• @yaeln: Gives classes in the community and participates in discussion groups.
  • @Susanna_Anas: One-on-one mentoring of users going through a data cleaning process on their own.
  • @mack-v: Direct communication between users and trainers is common, often bypassing generic support channels.
  • @thadguidry: Before retirement, received many private emails asking for help. Now directs people to the forum to seek help from the wider community.
  • During the session Using OpenRefine with wikidata, wikibase and Wikimedia commons, we discussed how we support users asking questions by mixing OpenRefine and wiki-related issues.

large user group is working with wikibase, wikidata or wikicommons with OpenRefine. Often they mix OpenRefine and wikibase issues into the same question. Their questions cannot just be answered in OpenRefine; needs wikibase, wikicommons or wikidata knowledge. See, for example, Wikibase Reconciliation service: issues with EDTF Date/Time data type. Question: how do we as a community react to that?

Short videos might help, as people often skim through reading material. We need to update our introduction video.

Forum Structure

Perhaps the documentation is too technical for some people, and introductory documentation (FAQs) could help.

The Support Category is Intimidating
Support category questions look complicated, possibly discouraging users from asking basic questions. Especially here, content should be available in many languages, as low-level users might struggle with English and technical terms. We discussed renaming the section from "support" to "helpdesk" to be more inviting. The conversation continued in Renaming the Support Category to Helpdesk.

Creating Sections by User Type
Should we segment the support section by user type (e.g., GLAM, Science, Journalism, GIS)? For example, we already have tags like Wikibase, Wikidata, and Wikimedia Commons. There is a risk of people posting in the wrong sections, but moderators can easily recategorize or split conversations into new threads.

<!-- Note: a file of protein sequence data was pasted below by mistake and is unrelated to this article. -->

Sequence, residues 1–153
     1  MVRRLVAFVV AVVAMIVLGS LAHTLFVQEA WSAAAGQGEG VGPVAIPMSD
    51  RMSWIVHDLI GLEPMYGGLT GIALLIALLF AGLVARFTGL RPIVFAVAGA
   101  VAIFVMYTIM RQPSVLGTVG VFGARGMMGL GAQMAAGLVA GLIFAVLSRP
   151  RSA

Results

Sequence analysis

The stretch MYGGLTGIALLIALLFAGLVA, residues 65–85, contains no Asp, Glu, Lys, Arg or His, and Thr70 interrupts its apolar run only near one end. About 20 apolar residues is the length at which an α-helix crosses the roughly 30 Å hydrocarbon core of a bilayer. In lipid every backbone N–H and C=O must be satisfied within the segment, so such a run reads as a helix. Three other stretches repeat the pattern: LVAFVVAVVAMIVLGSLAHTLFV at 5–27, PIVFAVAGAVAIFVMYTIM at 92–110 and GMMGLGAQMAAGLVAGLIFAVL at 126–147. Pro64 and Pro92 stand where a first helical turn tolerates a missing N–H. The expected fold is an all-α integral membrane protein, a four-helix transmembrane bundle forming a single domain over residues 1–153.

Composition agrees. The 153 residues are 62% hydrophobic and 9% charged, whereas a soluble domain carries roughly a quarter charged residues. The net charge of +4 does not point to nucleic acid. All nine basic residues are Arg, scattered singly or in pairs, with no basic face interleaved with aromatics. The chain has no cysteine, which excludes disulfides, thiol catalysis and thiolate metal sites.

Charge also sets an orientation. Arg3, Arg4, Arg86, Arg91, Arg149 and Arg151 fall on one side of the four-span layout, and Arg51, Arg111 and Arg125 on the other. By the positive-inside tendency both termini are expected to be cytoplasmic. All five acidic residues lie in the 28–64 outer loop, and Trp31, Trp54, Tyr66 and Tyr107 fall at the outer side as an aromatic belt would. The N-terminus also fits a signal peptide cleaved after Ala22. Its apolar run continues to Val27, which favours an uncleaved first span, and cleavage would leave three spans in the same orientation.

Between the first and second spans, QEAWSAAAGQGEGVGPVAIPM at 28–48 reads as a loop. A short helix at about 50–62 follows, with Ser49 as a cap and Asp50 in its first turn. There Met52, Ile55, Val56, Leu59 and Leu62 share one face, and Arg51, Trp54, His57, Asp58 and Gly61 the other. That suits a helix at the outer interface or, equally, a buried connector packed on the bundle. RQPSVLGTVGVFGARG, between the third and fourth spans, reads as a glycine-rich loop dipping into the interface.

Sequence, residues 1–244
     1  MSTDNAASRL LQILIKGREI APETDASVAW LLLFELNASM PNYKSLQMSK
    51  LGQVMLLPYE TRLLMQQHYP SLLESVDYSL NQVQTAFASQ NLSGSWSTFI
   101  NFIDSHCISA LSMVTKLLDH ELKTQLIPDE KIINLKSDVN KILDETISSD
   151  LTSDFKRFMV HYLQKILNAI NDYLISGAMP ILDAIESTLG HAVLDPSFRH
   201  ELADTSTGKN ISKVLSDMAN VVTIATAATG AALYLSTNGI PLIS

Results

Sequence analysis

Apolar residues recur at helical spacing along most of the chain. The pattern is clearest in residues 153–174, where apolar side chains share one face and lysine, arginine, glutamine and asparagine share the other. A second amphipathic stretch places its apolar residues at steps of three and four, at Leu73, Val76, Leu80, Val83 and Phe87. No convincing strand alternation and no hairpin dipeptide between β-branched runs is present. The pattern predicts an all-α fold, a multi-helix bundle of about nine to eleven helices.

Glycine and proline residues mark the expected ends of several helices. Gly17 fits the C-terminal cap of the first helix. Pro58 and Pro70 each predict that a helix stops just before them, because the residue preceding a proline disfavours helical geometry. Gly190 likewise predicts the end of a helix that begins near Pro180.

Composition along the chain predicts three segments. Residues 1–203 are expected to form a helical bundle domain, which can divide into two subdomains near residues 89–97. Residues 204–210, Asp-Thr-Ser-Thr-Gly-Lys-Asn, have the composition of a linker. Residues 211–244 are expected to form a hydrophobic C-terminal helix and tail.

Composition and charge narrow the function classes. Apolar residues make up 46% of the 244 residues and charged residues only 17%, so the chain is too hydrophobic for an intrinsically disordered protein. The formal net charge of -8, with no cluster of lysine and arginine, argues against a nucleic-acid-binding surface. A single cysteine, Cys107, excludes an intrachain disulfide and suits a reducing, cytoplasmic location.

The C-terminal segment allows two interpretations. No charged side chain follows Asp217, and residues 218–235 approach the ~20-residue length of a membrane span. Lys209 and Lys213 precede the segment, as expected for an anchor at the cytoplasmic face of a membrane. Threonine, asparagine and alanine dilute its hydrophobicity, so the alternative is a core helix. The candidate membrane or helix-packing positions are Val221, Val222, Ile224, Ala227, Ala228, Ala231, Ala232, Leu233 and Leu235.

@thadguidry: In Discourse, we can create user group. We should try enabling this option to allow the community to join groups, which is different from categories.

Designated Community Leader

We discussed having a helpdesk mentor to manage traffic and direct questions to the right people could be beneficial. We can recognize this role formally, possibly as a paid position, and offering training would help.
@mack-v: We can assign community leaders as moderators to categorize? Regular meetups to exchange experiences would be required.
In the Carpentries community, there are yearly check-ins to confirm if people still want to feel responsible for a course, regardless of their activity level.

During the session Using OpenRefine with wikidata, wikibase and wikiemdia commons we discussed the option to invite more wikimedia expert on the forum to help answer those questions.

Developer Role

In the Reconciliation in OpenRefine session, @Ayushi_Rai presented her experience as a developer and how she joined the project. For clarity, notes have been merged with this session.

@Ayushi_Rai learned about OpenRefine from another Outreachy intern. It was her first hands-on experience with open source. She described the OpenRefine community as "really active." The developer documentation was a good starting point but still lacked some information, which might be a good basis for a FAQ for developers.

The "Good first issues" are essential for an intern to qualify for the scholarships. @antonin_d mentioned that we were running out of good first issues in the last Outreachy run. In 2023, @abbe98 helped @Ayushi_Rai find good first issues. @jfaurel suggested having interns recommend new "good first issues" as the last task they do to help refill the list.

The documentation on Cypress testing needs updating: Cypress Brief Overview.